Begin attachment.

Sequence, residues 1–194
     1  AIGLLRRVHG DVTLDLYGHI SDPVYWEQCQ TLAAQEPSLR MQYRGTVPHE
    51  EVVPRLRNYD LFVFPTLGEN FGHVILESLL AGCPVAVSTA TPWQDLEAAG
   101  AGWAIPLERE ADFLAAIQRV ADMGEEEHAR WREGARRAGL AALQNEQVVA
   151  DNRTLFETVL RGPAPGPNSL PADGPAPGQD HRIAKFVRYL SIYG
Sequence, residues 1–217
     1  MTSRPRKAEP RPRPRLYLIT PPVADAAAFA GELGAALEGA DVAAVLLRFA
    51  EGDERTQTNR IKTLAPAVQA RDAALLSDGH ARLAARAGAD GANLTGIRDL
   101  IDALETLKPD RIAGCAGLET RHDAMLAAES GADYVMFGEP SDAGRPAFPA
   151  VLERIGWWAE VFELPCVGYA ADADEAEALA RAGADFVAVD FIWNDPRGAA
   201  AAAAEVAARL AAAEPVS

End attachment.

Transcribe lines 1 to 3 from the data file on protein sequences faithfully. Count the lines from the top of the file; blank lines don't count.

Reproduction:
Sequence, residues 1–194
     1  AIGLLRRVHG DVTLDLYGHI SDPVYWEQCQ TLAAQEPSLR MQYRGTVPHE
    51  EVVPRLRNYD LFVFPTLGEN FGHVILESLL AGCPVAVSTA TPWQDLEAAG